A number of new initiatives have emerged in recent years that give some directions. Think about the United Nations Sustainable Development Goals. A call for action to improve the lives of many by 2030 in 17 goals. Another source of inspiration is Kate Raworths’ thinking on the ‘Doughnut Economy’. Raworth rewrites the rules of economy: Our current focus on GDP should be replaced by a focus on the global economy operating in the safe and just space in which everyone enjoys basic social standards and we stay within planetary boundaries. And don’t forget Sir Ellen McArthur who explains to everyone who wants all about the circular economy, as well as Delft University Associate Professor Conny Bakker who developed with her colleagues very le concrete guidelines for circular product design: ‘Products that last’ . Take also the Milano Mayor, Giuseppi Sala for example, who puts into practices that ‘cities can be the trigger for food system change, reduce emission, ensure social inclusion and consumer behaviour change’. Also to be followed is the ‘Food Reform for Sustainable and Health ‘FReSH’ coalition : 37+ businesses and scientists who are determined to identify necessary dietary switches for people and planet and come up with business solutions that suit future proof food systems. Many more examples are out there, just learn, experiment and share what works!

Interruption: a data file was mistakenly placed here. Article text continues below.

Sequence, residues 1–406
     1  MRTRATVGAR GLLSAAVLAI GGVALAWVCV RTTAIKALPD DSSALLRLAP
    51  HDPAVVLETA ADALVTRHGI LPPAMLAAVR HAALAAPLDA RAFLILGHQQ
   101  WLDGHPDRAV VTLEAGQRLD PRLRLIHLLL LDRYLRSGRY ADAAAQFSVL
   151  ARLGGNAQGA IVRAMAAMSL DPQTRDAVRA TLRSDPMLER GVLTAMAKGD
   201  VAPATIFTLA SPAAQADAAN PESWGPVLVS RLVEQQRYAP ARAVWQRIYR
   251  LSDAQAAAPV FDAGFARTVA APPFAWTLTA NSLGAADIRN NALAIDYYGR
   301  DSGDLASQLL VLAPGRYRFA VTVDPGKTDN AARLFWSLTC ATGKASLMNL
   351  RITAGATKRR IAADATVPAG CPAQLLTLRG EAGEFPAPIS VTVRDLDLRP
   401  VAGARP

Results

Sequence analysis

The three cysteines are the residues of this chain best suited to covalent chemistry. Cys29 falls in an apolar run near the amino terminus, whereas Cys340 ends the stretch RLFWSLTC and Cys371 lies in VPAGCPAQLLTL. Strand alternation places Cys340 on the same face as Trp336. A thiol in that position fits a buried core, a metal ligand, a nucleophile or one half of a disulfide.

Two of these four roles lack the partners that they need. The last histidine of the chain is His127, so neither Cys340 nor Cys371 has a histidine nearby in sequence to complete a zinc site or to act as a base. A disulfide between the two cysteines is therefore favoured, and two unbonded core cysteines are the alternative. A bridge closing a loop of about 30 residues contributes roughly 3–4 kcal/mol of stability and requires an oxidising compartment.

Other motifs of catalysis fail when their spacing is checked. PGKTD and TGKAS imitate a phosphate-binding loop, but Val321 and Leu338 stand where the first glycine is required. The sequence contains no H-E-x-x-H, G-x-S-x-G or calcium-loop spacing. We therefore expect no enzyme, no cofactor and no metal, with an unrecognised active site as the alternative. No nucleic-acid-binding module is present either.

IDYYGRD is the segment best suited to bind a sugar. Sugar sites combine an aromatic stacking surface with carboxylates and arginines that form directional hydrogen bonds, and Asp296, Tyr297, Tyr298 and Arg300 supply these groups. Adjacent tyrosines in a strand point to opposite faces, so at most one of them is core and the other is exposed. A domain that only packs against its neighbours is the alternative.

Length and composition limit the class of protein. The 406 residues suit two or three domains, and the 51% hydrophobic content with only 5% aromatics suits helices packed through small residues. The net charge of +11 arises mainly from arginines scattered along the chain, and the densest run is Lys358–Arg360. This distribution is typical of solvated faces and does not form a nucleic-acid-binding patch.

My daughters have not decided yet if they want to be an astronaut or architect (I would be very happy with all choices) but I hope they will continue to be curious and  see opportunities to make a better world for all – building on the new insights of many.

Have a happy and relaxed Christmas time with your family and friends – and a great new year. Be curious, be bold, be brave!

Eart Our Planet Our Home

 

 

 

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Factors that contribute to Sustainable Innovation within SMEs

Not only the large companies, but also Small and Medium Sized Companies (SMEs) may very well profit from sustainably innovation. It increases competative advantage, reduces (production) costs and improves social and environmental impact.